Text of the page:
Hence, unless this attitude changes in a more positive way, there wouldn’t be any progress in relation to the improvement of own human rights standards. President Rajapaksa reminded the world in September 2007 that human rights have been an essential part of Sri Lanka’s cultural tradition and human rights protection is “nothing new for us”. True. But one needs to go further, and prove, that this is so even today, that this cultural tradition has not stopped, that it continues. And, isn’t it a shame for a country with such a rich and glorious tradition, to be continually reminded of the importance of human rights protection, and that too, by the EU or the ‘West’?
Ensuring ‘equality’ too is a significant challenge, unless one’s attitude doesn’t change. Why so? If one is burdened by that problem highlighted by scholars such as KM De Silva and AJ Wilson - the ‘majority with a minority complex and a minority with a majority complex’ - then, ‘equality’ becomes a terrible problem; a problem that threatens one’s perceived status (that dominant or rightful status) in society. Demanding ‘equality’ or the respect for ‘equality’ is easy, but that demand becomes meaningless in the eyes of such a person with the majority/minority complex, if he/she is not ready to accept what ‘equality’ would necessarily mean; i.e. inter alia, equal status in society, equal citizenship, opportunities based on meritocracy, independent institutions etc. Ensuring ‘equality’, too, is a great challenge.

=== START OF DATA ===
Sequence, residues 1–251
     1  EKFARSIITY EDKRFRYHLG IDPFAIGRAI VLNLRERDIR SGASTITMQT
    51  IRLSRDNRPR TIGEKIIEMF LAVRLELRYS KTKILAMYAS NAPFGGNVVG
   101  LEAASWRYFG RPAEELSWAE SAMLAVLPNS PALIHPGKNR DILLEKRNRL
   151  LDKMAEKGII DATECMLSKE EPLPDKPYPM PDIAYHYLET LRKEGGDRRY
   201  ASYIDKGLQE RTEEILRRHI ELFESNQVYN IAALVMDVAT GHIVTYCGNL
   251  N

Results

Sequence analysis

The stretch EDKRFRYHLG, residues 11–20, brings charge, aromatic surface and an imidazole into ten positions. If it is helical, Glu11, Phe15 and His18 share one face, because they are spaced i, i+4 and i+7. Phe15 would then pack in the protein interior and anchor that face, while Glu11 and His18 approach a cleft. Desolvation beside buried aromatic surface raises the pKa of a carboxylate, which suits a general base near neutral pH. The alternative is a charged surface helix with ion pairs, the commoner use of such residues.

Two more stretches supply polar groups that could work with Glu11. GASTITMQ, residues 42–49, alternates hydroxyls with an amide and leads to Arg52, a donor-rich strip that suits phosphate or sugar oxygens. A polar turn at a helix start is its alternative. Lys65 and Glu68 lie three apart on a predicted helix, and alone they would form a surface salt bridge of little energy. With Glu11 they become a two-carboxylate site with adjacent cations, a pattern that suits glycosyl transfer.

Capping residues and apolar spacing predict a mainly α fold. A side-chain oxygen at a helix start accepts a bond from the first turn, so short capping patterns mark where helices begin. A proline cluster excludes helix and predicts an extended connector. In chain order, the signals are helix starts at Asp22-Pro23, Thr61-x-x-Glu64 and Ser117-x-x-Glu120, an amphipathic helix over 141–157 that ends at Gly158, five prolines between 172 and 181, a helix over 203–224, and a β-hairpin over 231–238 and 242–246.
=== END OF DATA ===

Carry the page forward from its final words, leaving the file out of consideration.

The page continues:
Numerous other problems and challenges confront Sri Lanka, one year after the conclusion of the war; in sum, a gargantuan challenge is before a nation and its people. However, an opportunity, a tremendous opportunity, has arrived, now that there is an absence of violent conflict. Success depends on how well that opportunity is used by the politicians and the people.